The three o’clock drink rounds were finished with by half past, and Claire wondered why on Earth they were letting a perfectly good intern sit around and do nothing for an hour and a half. She shovelled more biscuits into her mouth to pass some time, then nosied through all the cupboards in the kitchen.

She found mugs, tea bags, great big tubs of instant coffee and enough biscuits to feed the 5,000. She had a quick poke around under the sink, but there was nothing but bottles of washing up liquid, fresh cloths and sponges and a bottle of antibacterial kitchen spray. Even the fridge was bare, save for a couple of big bottles of milk.

There were no clues as to what kind of people worked on RAPL’s ground floor, and certainly no indication of the work they did to protect their rare species. She hoped desperately that she’d learn more tomorrow, when she moved up to the first floor. She pined for something to do other than pour hot water over coffee granules and tea bags.

4.30 p.m. came around and she decided to begin gathering up dirty mugs, ready for the sink. She grabbed a tray and headed out into the hallway.

She took the first door on her left and was met with the room’s workforce gathered round a man whose shirt appeared to be soaked with blood. Eight pairs of eyes turned to stare at her as she pushed through the door.

Claire couldn’t pull her gaze away from the deep, crimson patch on the man’s bright white shirt. It could have been paint, of course, and Claire tried to assure herself that that’s exactly what it was.

“Are you okay?” she asked with a croak.

The man didn’t respond. Nobody did. Silence hovered. Inside, Claire was squirming, but her feet appeared to be glued to the floor.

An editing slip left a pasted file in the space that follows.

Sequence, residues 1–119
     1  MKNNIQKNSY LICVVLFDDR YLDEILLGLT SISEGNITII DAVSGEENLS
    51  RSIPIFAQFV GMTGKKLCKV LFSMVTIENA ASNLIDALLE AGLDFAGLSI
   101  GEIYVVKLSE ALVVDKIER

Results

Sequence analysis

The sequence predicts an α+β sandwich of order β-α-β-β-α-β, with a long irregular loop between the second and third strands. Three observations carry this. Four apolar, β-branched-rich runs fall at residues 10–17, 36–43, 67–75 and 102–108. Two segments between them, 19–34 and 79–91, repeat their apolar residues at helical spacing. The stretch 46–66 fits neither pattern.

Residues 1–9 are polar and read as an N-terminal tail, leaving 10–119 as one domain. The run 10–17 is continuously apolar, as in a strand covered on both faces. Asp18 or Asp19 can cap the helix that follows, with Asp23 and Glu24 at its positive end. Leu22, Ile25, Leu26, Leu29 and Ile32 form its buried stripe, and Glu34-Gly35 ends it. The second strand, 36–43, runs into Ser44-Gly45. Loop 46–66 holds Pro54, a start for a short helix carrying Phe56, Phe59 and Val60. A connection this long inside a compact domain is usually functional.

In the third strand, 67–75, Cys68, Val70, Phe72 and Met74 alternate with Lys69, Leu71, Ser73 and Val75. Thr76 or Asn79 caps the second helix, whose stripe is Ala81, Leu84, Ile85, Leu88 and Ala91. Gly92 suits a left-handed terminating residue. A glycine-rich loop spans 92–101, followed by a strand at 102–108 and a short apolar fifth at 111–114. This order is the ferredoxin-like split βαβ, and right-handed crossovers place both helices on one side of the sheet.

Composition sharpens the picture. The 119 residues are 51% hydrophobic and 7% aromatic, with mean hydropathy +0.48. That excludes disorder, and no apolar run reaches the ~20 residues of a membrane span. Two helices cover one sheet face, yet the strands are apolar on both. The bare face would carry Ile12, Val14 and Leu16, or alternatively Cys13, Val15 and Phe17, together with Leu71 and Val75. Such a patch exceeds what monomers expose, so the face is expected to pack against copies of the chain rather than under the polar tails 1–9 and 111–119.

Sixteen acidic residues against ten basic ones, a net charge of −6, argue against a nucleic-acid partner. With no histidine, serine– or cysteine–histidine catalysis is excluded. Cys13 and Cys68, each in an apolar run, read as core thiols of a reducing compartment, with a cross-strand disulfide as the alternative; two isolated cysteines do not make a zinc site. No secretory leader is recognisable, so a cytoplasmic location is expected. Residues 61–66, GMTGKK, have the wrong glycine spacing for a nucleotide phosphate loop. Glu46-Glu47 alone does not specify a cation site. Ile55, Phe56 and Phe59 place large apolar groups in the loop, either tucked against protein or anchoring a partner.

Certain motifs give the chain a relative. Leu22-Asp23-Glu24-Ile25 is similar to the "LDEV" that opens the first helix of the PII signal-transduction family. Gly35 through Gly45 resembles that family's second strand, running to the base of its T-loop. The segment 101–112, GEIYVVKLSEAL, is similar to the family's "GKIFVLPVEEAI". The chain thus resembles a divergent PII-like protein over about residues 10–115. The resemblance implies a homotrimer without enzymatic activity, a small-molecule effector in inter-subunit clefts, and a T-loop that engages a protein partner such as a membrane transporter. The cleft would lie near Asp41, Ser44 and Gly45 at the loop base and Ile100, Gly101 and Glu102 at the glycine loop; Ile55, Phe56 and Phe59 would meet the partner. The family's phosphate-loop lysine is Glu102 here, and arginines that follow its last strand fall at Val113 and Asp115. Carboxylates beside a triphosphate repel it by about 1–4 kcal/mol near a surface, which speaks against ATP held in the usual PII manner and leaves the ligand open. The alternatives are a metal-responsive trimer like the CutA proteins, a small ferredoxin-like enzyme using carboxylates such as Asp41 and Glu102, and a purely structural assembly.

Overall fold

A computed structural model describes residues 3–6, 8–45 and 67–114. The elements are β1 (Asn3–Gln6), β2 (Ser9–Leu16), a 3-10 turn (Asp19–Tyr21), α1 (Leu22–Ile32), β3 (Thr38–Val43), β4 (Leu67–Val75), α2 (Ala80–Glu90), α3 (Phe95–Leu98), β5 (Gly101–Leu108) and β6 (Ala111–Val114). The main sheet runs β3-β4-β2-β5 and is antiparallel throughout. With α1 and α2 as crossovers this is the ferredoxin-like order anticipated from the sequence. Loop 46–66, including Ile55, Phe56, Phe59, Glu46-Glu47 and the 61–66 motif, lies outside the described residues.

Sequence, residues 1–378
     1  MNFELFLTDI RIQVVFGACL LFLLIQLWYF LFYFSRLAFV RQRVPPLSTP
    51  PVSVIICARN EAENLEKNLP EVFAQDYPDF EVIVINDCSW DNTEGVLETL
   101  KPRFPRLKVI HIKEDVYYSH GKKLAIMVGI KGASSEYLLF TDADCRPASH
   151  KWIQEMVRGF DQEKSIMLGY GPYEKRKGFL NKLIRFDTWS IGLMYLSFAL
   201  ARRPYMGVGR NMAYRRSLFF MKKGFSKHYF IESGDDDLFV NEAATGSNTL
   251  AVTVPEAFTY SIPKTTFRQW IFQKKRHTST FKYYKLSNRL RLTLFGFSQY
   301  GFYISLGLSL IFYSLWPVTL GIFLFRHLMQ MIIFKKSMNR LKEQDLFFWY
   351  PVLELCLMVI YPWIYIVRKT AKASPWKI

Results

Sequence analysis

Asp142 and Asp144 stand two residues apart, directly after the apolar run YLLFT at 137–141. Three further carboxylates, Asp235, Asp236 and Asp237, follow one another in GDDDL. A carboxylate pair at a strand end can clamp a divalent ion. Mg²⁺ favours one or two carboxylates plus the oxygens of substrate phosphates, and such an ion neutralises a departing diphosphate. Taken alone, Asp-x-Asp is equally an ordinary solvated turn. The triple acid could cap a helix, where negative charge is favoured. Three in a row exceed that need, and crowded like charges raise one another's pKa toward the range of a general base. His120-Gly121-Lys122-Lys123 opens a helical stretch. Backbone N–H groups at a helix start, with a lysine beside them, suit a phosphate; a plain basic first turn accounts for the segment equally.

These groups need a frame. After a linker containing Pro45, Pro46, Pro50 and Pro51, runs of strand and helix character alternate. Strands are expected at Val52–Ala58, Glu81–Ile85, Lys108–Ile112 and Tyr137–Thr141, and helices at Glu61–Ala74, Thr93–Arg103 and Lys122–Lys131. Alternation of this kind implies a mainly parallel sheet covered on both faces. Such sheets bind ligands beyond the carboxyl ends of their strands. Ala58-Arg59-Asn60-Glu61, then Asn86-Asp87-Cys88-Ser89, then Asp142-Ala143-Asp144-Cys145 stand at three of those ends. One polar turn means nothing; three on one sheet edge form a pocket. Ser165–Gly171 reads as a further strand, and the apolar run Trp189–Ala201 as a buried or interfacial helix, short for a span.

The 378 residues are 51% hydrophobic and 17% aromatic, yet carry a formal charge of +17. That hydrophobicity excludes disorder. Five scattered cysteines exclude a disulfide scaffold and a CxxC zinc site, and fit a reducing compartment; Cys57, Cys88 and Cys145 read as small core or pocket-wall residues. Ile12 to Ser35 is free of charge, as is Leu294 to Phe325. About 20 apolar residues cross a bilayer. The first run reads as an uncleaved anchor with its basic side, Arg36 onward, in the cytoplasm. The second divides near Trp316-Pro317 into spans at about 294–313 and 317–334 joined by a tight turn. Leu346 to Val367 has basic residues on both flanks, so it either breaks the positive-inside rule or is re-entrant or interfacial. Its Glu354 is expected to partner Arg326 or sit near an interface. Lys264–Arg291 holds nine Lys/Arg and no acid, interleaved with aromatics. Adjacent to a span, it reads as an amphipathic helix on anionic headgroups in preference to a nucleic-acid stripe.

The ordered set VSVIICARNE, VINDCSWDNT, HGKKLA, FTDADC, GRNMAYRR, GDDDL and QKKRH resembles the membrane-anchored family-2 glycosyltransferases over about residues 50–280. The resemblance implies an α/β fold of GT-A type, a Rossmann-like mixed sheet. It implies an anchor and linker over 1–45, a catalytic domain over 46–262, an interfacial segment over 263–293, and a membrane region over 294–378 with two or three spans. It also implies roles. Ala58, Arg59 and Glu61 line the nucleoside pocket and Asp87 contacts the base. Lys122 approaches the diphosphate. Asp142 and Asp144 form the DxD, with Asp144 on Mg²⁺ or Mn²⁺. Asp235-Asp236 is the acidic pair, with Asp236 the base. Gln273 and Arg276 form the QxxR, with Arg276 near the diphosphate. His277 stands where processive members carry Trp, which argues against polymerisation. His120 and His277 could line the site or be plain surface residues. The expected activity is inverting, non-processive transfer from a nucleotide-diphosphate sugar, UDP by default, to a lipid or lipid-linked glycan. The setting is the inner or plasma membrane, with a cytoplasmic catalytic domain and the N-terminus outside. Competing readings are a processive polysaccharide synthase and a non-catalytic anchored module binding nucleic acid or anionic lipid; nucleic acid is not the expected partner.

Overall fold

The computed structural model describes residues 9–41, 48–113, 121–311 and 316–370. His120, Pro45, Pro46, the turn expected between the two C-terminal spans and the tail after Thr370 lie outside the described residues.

“What do you want?” the painted man asked eventually.

“Just came to collect the mugs.”

He gave a small nod. Claire took this as permission and scurried from desk to desk to pick up the spent mugs and place them on her tray. She stole small glances at the man wherever possible but with every eye in the room still on her, she dared not take a proper look. When she approached the desks which lay closest to the man, she was sure she could detect a faint smell of copper.

Tray heavy with mugs, she squeaked a small “thank you” and headed for the door. The ground began to shake beneath her feet.

For a moment, she thought she was imagining it. She wondered if the nerves coursing through her were causing her legs to wobble, and tried to focus on getting to the door and out of the room. But the shaking wouldn’t stop, and she realised that it was the floor – not her – that was the problem.

A great roar accompanied the shaking; it was a deep, shuddering sound which seemed to travel right through her. Her blood felt like it was fizzing from her feet up to her head and back down again as the roar piqued and then dispelled.

Then everything was quiet.

Only then did Claire realise that the mugs had toppled from her tray and were scattered on the floor. Carpet had saved them and none were broken, but dregs of cold tea and coffee were seeping into the pile. She looked at the ground floor workers once again. They stared right back without a hint of shock or surprise on their faces.

“Earthquake,” the blood-stained man stated. “Little one. Happens all the time.”

Claire nodded, then stooped to retrieve the mugs, feeling the eyes of the workers bearing into her.

Tray filled, she ignored the damp brown stains on the carpet and dashed to the kitchen. There, she plonked the tray on the worktop, causing the crockery to clatter, and looked at the clock. 4.40 p.m.

She cared not for the dirty mugs standing before her, nor those which were scattered across desks throughout the rest of the ground floor. Her heart hummed and her hands trembled. She grabbed her bag and left. Tomorrow weighed on her mind like lead.

Read part 2